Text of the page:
4 out of 5
I really like the idea of Japanese light novels – novellas with spot illustrations – especially as additions to / source of the animes by which I’m generally introduced to the material, but I’ve yet to find success with them. Just as some manga “translates” better to screen for my tastes, the tone and quality of the light novels I’ve tried have been more youth-geared than I prefer, or, perhaps owing to cultural differences, maybe just not paced as I’d expect.
I approached the 86 Eighty-Six light novels with some trepidation: the anime was excellent, and the books wouldn’t ruin that, but I was fearful that it would add details that perhaps undermined some of what I took away from the between-the-lines of the show. That is, things that I felt worked because of their lack of exposition would then be explained, and maybe mystique dissipated as a result.
Asato Asato’s books do add those details, but they did the opposite: they enhanced the world. They made it deeper, and more affecting. This is what I want from a light novel.
The basic concept of the series is simple, immediately relatable to – unfortunately – almost any era, in some way or another – but is nonetheless haunting as hell, with its sci-fi tweaks a perfect way to represent class disparity: in the at-war world presented in 86, the Republic tells of its victories and technological superiority over the Legion, celebrating its cultural open-arms; meanwhile, they’ve been bleeding resources over the past 9 years, their science behind that of their enemies, and their diversity is non-existent, the culture narrowed down to an Aryan-esque clan of “Albas” – silver hair, blue eyes – who’ve subjugated the “Colorata” races as potential traitors, sequestered outside the gleaming capital, which is awash in positive public addresses that let the populace ignore the ongoing war. A victimless war: by declaring the Colorata as non-humans, they can send them off to battle (in insectoid battle-bots called “Juggernauts,” facing the Legion’s machines of larger and more durable build) and not consider their losses as diminishing the population.
Lena, one of our POV characters, is a “Handler,” on contact with the “pigs” of the fighting forces through Resonance tech, which allows them to link consciousnesses across distances. The role of a Handler is to organize forces in the war, but most blow off the duties. Lena, however, was granted some awareness of matters by her father, and tries to remain dutiful, despite her new charges – Spearhead squadron, led by Shin – assuming she’ll bail on them, as every Handler does. And besides, whether or not she has a good heart, she’s an Alba; she’ll never understand what it means to be born simply for the purpose of slaughter on the battlefield.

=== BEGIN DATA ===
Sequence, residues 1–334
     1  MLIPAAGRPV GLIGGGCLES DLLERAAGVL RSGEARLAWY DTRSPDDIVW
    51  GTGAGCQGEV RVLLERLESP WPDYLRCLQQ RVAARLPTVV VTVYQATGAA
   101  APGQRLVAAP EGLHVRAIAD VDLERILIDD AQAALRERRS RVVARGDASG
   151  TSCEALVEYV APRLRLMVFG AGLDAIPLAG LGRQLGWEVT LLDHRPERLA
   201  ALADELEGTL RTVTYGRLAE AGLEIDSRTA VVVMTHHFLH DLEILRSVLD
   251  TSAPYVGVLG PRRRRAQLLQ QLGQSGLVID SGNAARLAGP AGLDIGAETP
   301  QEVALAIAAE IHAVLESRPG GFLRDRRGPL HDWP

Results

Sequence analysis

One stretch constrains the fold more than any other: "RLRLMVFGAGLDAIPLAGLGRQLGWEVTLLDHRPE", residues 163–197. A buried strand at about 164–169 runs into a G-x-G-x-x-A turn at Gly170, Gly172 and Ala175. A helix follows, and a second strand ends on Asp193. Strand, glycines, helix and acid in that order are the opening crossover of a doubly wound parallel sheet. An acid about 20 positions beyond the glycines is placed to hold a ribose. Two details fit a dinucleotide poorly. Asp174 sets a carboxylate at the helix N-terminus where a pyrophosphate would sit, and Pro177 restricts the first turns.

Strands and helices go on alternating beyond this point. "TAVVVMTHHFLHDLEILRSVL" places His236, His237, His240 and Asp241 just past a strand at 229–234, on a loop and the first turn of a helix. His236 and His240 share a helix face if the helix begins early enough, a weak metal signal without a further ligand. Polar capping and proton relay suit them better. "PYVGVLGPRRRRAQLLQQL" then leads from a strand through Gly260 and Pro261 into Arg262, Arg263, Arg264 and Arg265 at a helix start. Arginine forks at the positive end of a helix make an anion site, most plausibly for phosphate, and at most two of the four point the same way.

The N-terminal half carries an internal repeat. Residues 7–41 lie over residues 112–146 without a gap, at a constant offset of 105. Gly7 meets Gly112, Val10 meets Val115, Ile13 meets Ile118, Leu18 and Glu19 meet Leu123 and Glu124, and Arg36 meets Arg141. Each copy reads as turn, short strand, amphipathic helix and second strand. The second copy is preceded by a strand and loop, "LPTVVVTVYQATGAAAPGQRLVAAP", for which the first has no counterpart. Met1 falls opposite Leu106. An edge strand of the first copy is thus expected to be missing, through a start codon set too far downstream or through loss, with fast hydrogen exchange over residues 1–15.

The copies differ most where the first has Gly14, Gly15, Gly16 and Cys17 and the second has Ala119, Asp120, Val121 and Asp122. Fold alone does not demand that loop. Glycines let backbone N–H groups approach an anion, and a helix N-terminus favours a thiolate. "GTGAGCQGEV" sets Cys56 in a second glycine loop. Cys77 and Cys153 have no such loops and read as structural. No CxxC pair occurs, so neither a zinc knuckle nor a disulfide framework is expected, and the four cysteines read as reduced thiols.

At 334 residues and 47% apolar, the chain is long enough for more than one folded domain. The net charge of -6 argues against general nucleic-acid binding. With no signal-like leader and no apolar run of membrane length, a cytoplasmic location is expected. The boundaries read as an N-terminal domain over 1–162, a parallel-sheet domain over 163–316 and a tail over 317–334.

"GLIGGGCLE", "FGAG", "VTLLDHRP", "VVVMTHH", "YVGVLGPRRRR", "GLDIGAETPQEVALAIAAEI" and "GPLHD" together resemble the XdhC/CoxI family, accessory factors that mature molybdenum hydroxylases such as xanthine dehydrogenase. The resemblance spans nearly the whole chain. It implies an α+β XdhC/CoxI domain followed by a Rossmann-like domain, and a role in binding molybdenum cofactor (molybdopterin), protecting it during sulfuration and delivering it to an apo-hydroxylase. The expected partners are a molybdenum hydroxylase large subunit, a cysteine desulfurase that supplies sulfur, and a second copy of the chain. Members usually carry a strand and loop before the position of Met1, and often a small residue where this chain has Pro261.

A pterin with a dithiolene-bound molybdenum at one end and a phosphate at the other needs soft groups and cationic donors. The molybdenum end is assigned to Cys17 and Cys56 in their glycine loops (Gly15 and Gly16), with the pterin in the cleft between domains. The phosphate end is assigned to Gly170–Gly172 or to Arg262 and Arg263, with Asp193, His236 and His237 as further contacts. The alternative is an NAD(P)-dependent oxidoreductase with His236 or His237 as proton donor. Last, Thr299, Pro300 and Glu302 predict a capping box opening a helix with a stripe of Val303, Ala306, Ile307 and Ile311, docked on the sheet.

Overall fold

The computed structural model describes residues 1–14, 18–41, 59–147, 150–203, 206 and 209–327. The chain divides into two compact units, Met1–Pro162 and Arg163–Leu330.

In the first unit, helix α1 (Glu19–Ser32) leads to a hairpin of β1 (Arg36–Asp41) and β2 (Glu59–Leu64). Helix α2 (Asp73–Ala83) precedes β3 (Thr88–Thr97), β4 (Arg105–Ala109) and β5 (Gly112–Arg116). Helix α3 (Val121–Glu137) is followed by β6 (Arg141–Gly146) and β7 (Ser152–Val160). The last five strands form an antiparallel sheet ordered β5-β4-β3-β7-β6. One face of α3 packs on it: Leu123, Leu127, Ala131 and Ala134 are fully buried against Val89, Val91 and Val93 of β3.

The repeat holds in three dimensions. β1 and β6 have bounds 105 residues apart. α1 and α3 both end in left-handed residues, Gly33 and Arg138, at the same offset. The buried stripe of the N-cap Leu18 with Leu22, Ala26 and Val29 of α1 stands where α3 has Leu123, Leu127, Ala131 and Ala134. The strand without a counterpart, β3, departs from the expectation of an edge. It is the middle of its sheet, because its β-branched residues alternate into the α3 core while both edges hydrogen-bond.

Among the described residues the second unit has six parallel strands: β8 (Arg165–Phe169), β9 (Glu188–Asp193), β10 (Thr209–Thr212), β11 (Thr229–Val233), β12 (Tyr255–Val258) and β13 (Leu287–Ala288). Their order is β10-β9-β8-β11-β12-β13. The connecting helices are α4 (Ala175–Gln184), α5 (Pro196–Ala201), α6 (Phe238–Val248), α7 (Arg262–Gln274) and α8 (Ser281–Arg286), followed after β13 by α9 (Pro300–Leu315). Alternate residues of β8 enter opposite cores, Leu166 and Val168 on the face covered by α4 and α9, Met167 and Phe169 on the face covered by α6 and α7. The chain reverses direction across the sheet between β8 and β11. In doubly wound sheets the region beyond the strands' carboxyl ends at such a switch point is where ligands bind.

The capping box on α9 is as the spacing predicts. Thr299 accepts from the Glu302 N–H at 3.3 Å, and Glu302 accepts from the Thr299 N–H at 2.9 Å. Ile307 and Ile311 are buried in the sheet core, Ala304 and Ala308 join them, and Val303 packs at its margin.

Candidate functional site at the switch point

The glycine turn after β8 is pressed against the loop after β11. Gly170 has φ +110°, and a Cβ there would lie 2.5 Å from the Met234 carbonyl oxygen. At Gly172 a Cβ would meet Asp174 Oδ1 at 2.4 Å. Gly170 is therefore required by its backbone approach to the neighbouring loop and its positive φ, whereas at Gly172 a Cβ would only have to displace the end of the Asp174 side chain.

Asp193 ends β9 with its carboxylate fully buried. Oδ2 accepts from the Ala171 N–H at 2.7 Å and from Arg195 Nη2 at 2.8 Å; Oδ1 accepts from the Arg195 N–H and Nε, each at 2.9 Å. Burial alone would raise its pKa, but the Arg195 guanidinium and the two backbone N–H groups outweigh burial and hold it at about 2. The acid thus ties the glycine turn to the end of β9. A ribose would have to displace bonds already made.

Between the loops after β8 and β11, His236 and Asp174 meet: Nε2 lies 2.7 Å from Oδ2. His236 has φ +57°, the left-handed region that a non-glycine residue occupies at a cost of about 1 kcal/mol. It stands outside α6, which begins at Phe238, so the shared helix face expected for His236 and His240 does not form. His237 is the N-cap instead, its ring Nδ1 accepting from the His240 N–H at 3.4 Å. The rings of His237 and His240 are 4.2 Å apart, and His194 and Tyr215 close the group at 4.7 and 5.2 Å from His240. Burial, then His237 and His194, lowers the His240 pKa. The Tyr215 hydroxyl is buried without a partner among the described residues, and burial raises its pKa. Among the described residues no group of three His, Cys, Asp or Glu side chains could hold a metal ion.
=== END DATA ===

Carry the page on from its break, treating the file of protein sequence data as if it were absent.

Yes, this is the story of Lena slowly gaining Shin’s trust, but it’s not solely that, and that is the story’s maturity: 86 vol. 1 is marked by some early shonen simplicity and fan service, which was a little alarming, but Asato slowly and surely rolls this in to a study of the culture – and not a simplistic one – that would allow for this divide to perpetuate, as well as the toll it takes on the willfully ignorant Republic, and the downtrodden squadron. In both cases, humanity is sought out: while the Republic have their background figures who are happy to ignore what’s going on, all of the primaries we meet are given dimension; similarly, the squadron isn’t just case as tsundere or badass battle protags – they have their human elements as well, and ebb and flow with emotional highs and lows. Everyone adapts, for better or worse.
Adding to this is the Legion itself, the mystery of which – how they operate – is part of the story’s revelations. It is, again, haunting, even already knowing the details from the anime.
The initial shonen elements I mention don’t necessarily seem purposeful; meaning that it does seem like Asato adjusted the tone naturally as they got further into the text, but it happens to work well for the evolution of the story. At the same time, nothing would be lost by removing these initial beats, so anyone who tends to roll their eyes at such stuff – like myself – I’d just say to hang in there for another chapter, because all youthful affectations disappear pretty quickly. Additionally, while the character and world descriptions do, as suggested, add to the world of 86 Eighty-Six, there’s some extra background on the Resonance here which feels a bit too magical in the gritty world. It’s weird, I guess, that it feels more “logical” without any explanations, but it’s the kind of device that works better when you don’t think about it too much.
Minor beats, though. Volume 1 is immensely rewarding, and it doesn’t “cheat” – there are no easy victories, or happy-go-lucky morals. It’s a tough world, and we weave between Lena’s and Shin’s navigations of that, through terse dialogue exchanges and exciting battles, and fantastic world building.